Winston Churchill described his own depression as his, "black dog" making frequent references to it throughout his life. If one of our country's most well known and well respected prime ministers suffered from the taboo of depression, why are we still hiding behind its stigma, refusing to talk about a condition that 1 in 5 of us will suffer with at some point in our lives?
This week, the 22nd - 28th April 2012, is Depression Awareness Week. We're looking to talk about depression; from every angle to every height, we're hoping stories from the depths of this illness to recovery might offer insight and hope.
If you google depression it has two definitions: 1. Severe despondency and dejection, accompanied by feelings of hopelessness and inadequacy. 2. A condition of mental disturbance, typically with lack of energy and difficulty in maintaining concentration or interest in life. These intense, overwhelming feelings affect sufferers in a range of severity - some people will be ill for a short time, gradually gaining strength with support, treatment and often medication. Others will struggle their whole lives, recovery and relapse a part of their daily living. Some will be diagnosed with "manic depression", an illness we now know as bipolar disorder, an illness with incredible highs and lows. And there will be people out there who see no way through their illness, those who attempt to take their own lives and those who tragically succeed.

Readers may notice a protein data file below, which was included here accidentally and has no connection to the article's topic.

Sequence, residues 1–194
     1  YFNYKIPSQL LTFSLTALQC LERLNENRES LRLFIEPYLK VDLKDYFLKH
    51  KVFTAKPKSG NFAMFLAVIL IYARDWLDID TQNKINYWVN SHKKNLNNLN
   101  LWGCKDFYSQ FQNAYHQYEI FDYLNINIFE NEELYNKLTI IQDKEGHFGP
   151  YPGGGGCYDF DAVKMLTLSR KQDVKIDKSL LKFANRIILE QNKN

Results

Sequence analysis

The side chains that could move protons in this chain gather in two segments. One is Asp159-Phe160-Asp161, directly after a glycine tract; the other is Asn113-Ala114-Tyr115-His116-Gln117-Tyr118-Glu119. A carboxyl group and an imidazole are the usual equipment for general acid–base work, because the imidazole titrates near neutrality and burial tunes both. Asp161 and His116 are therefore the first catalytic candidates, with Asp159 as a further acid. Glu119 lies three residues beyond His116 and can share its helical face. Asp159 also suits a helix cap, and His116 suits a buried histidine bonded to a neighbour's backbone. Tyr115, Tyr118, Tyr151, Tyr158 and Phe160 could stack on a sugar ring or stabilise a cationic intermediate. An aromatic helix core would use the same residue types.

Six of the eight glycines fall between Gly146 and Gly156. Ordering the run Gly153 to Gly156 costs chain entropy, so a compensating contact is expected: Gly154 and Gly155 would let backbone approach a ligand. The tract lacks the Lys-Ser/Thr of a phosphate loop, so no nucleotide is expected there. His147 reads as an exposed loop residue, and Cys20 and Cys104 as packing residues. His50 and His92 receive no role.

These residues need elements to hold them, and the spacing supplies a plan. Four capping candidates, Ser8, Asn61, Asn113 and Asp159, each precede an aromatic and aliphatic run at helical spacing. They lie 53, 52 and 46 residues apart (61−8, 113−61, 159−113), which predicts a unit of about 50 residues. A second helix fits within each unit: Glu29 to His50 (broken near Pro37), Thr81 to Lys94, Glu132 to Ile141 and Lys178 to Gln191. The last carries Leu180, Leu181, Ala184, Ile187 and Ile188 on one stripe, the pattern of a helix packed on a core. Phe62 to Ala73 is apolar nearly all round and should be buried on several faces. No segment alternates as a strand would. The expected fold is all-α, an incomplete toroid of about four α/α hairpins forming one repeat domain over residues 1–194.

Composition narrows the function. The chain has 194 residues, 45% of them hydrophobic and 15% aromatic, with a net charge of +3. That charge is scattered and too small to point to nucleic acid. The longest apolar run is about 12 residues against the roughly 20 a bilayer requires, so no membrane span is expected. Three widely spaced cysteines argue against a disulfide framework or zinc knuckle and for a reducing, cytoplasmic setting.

You see, depression takes many forms. It is not just a phase that affects sullen teenagers or those reaching midlife crisis. It strikes anyone. And yet like most mental illness, as a society we refuse to face it. We refuse to admit that depression will affect not far short of the number of people affected by cancer. Around 15% of those who suffer from clinical depression will die by suicide; in Scotland the number of young men who take their own life has increased by 22% since 1989; and in those aged between 10 and 24, suicide is the third leading cause of death.
Shocking? Serious? Preventable? Treatable? Yes.
Depression is serious, the statistics speak for themselves, but help is out there and recovery from depression is possible. There are a number of different treatments out there from CBT (cognitive behavioural therapy) to counselling to medication to a mixture of all them. And it's not just the health service which is there to help, there are number of leading charities which are set-up to support those with depression. There is always someone there to listen, whether that is the GP, your best friend, a counsellor or someone on the end of a phone service like Samaritans.
And why am I able to tell you that it does get better? Because I've been there.
I had anorexia nervosa, but with my eating disorder came depression. Anorexia caused such isolation, anxiety and obsession that I became lost in my own world; in this dark narrow minded little world of mine, came further thoughts of self-destruction. For me, a tangled mixture of anorexia and depression made me believe that I deserved to be hurt, that I had no right to be alive. I hurt myself and the scars remain. But they are healed now and show that there is strength in all of us to beat even what we feel might be unbeatable.
The rest of this week, I hope you will read our other stories. And the rest of this year and time to come, I hope we will talk about depression as something we face and are able to move on from. Hope is real.
Check out these links for information and support regarding depression and suicide:
Depression Alliance - a charity designed to assist those affected by depression.
In Comes the Black Dog - an art auction in conjuction with Depression Awareness Week.
TWLOHA - an American charity focused on inspiring hope to those affected by depression.
Love, J x